Looking Ahead

This is probably a bad day for me to be writing a blog post, given that it is very grey outside and has taken my mood with it. I’m afraid that I will unintentionally leave the impression that things are dismal, when really only the weather is. Please consider this to be a disclaimer, and read bright sunshine into everything below.

*Editors Note: The sun has shown up and rendered all of the above obsolete. Please disregard the previous comments.

Coming to the end of summer means that we are getting ready to get into a whole different gear. The kids will be out of the house. Julia may be back in it, depending on whether or not work is available after the summer. Youth work in the church in London begins again in earnest. At least two trips to Italy early in autumn. And who knows what else.

But that can wait, because we have a bit of a shift in our plans to let you in on. Originally in coming over here we were expecting that Trieste, in Italy, was going to be the next step. Nothing has changed in regards to Italy in general, but for a variety of reasons we are now looking at other opportunities, or needs, or challenges, or whatever, in Northern Italy.

It is, of course, a bit of a shift for us to have to begin re-imagining our future life in Italy all over again, but more than anything it is exciting.

Another part of the change is switching our idea of what we will be doing from working within an existing church to planting new churches (written with churches in plural, in faith).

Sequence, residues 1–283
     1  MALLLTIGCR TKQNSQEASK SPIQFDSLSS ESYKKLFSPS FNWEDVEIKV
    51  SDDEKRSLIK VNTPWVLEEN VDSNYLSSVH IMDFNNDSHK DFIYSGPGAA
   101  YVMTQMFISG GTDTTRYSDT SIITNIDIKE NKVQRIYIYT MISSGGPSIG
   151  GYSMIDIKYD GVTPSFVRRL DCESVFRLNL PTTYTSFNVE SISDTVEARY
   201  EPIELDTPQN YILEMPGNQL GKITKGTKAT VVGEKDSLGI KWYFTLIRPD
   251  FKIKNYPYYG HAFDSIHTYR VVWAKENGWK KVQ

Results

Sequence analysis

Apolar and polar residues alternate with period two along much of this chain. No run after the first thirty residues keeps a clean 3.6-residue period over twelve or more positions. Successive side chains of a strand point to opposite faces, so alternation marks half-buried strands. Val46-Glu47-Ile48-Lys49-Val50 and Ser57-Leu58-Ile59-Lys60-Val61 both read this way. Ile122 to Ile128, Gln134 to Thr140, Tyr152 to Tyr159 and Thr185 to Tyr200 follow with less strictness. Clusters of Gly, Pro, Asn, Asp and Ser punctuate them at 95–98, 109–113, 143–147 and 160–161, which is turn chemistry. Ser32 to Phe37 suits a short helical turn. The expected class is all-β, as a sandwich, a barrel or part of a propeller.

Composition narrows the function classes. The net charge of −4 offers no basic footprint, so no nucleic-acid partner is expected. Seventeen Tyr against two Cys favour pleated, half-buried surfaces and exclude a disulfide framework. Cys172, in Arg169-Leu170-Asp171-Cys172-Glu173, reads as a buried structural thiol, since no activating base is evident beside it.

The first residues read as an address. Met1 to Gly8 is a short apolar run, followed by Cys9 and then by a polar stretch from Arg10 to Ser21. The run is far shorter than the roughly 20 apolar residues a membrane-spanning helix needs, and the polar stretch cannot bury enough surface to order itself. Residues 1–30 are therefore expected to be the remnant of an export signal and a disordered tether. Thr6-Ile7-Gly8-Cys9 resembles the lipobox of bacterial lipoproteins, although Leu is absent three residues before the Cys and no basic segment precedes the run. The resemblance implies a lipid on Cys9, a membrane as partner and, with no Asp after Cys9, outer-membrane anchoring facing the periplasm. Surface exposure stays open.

And then, as we consider how we will become part of whatever community we end up in, exploring the possibility of establishing an English language school, both as a way to get to know some people in the city and earn a little income as well.

I had every intention as I began this post to expand on all of those different things-the cities that we may move to, our ideas around church planting, the language school, working with a team when we get there-but it would all be a bit much for one blog post. In any case, nothing is certain yet anyway. As we spend some time with the possibilities and get input from people who know more than we do it all evolves pretty quickly.

Instead I’ll flesh all of those out a bit more in the near future. Something else to be looking forward to is Julia (and Angela, a great friend of ours here in London) taking a trip to Italy in less than three weeks time.

In the meantime, please keep us in prayer, and thanks for staying with us on the journey!

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Sorting Through the Chaos

You may have heard, but it has been an eventful week over here in London. We were looking forward to living in a city with a lot of buzz when we moved, but this is not exactly what we had in mind.

Eltham, our little corner of London, was not at the epicenter of the rioting, but managed to make a few headlines nonetheless. Groups gathered on High Street intent of defending the shops from looting, organized by either Milwall supporters, a local football/soccer club, racist political organizations, or both. Last night there was a bit of a scuffle with police, but evidently it was dispersed somewhat quickly. On Tuesday, and in front of our flat we witnessed police chase a medium size crowd evidently trying to break into some shops next door. Add onto that constant police activity-sirens, lights, patrols and choppers-and it seemed like a very active few days.

A crowd in Eltham gathering to protect the local shops

Everyone I talk to, plus everyone with an opinion and access to the internet, have a different theory on why it has happened, and what to do about it. Inevitably it is some combination of genuine frustration bubbling to the surface and criminal opportunism, with only the proportions varying. I am no great authority, and the problems felt in areas, say, in north London, seem so far away from my world that it is unlikely that I will have anything to contribute on why this has happened.